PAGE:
What is the innovation?
LOHC technology and logistics for hydrogen supply in Hydrogen Refuelling Stations (HRS)
What problem does the innovation solve?
To meet the EU’s targets to reduce greenhouse gas emissions by 80% until 2050, emissions have to be decreased drastically. However, decarbonisation of mobility and transport necessitates not only a substitution of fossil by renewable sources but also efficient ways to make volatile renewable energy available on mobile platforms. In this regard, hydrogen is a highly promising path. But how to decarbonize the mobility, if green hydrogen cannot be provided nationally or locally? The answer is simple: Just as fossil fuels are being imported and exported across borders today, sites with high renewable potential and low electricity costs must be used for hydrogen production in the long-term perspective. In doing so, storage and transportation of hydrogen at scale is the missing link on the targeted road to a green hydrogen economy. We develop and market an innovative solution for domesticating hydrogen by reversible chemical binding to an oil.
How does the innovation solve the problem?
The key component of our concept is an organic oil, the so-called Liquid Organic Hydrogen Carrier (LOHC). The principle is to chemically bind hydrogen to that LOHC via hydrogenation and to release it by dehydrogenation on demand. The benefits of this approach are striking: With no elemental hydrogen present during transport and by binding the hydrogen to a carrier oil, the existing fossil fuel infrastructure, including low costs and social acceptance, can become part of the renewable hydrogen supply chain. The targeted supply concept is similar to today’s supply of fossil refueling stations: Hydrogen is bound to the carrier at large central sources (e.g. wind parks) and then distributed to hydrogen refueling stations within the existing global fuel infrastructure, e.g. tankers, trains and trucks. At station, hydrogen is released from the carrier and provided for dispensing. The unloaded LOHC is transported back and reloaded with hydrogen – it can be reused for several hundred times.
Is there any other existing cutting edge solution? If so, how does yours differ?
The general principle of using LOHC for hydrogen storage and transport is utilized by other companies, albeit with different chemical systems and strategies. The toluene/methylcyclohexane system shows potential for very large single point to single point transport of hydrogen but is less efficient for hydrogen distribution to multiple consumers. Additionally, toluene is more difficult to handle due to toxicity. The same characteristics can be applied to methanol, which has long been announced as possible hydrogen carrier. Our LOHC approach combines the possibility to transport large amounts of hydrogen and thus renewable energy accross continents and borders via tank ships and a subsequent distribution of energy to multiple sites via railroad or truck transportation. These sites can be mid to large scale hydrogen refuelling stations, e.g. for bus depots, and the therefore needed storage infrastructure is already well-known and established.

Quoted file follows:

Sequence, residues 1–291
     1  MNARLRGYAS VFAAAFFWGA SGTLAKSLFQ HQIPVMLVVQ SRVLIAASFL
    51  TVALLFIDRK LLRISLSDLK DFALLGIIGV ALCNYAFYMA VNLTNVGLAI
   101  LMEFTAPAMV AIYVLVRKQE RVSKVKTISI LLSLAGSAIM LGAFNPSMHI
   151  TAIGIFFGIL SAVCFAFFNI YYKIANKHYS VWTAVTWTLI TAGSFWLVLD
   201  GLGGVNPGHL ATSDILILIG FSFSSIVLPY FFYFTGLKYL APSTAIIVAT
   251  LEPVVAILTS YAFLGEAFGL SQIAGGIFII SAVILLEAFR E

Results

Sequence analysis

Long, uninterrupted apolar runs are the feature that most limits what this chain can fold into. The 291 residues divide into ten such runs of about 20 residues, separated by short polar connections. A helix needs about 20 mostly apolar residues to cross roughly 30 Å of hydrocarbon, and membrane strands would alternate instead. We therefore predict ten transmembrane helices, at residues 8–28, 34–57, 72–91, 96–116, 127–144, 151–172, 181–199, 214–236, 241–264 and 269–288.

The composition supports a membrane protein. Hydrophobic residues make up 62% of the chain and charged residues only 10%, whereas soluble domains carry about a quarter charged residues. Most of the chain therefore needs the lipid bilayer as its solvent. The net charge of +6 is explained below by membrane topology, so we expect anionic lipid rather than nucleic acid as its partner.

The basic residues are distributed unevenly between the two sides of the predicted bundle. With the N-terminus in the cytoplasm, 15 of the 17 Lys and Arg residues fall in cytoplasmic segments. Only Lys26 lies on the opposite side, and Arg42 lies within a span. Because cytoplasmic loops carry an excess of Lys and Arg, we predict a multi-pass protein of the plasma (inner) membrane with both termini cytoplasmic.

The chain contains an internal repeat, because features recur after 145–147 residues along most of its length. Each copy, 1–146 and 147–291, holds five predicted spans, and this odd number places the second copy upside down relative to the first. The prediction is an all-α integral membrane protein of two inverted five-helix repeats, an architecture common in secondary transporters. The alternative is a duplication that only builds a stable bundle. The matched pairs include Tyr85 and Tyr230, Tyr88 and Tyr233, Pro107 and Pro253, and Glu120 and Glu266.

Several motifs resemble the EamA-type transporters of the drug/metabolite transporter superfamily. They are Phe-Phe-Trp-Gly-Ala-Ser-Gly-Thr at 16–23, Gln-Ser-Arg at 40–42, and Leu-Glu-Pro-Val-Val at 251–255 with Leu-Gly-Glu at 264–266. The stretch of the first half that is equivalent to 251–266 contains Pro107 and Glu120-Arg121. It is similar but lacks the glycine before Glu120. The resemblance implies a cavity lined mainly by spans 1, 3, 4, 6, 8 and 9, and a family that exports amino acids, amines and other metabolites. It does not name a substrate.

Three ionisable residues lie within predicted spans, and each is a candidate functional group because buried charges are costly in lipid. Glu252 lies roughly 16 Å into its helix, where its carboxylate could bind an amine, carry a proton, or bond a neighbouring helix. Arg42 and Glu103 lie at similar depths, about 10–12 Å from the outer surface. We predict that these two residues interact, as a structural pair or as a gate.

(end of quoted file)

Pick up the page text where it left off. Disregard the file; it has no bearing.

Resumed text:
Tell us about your team?
Hydrogenious as a company has grown intensively over the past few years to manage multiple projects in parallel for the installation of LOHC technology all over the world. We started our operations at our site in Erlangen end of 2014 with only a handful of people and ramped up our number of employees to approximately 90 persons by mid of 2020, while further recruitment is ongoing. Finance, Controllling & Procurement, Human Ressources and Business Development all have grown up their respective teams in the recent past and sum up to 20 people nowadays. The technical/technological department counts up to 70 people in 5 sections (engineering, project management, research & development, onboard technology, technology & product management). Our team is an inspiring mixture out of young and old, male and female, LOHC experienced guys and career changers, business specialists and technology geeks, which are all highly committed to install a fully sustainable, hydrogen-fueled society.
How big is the market for this innovation?
In 2017, thirteen leading energy and transport companies, including Shell and Toyota pledged to jointly invest $10.7 billion into fuel cell vehicles (FCEV) and infrastructure the coming five years. A recent study by Shell estimates that over 100 Mio. FCEV could be on the road by 2050 – up from only 6,500 by the end of 2017. To build the required HRS infrastructure, the Research Centre Jülich predicts a total needed investment of EUR 61 bn. and 10,000 HRS for Germany alone over the next 40 years. Assuming a 30% share of the CAPEX going into LOHC-based fueling stations, this would open EUR ~20 Bn. or over EUR 650 Mio per year for LOHC-fueling station technology in Germany alone. McKinsey&Co. in its 2017 report for the Hydrogen Council, even estimated a global investment need of USD 280 Bn. until 2030 to build the required infrastructure, showing the even larger global potential coming from this completely new market segment.
What EU-funded research project was this innovation developed in?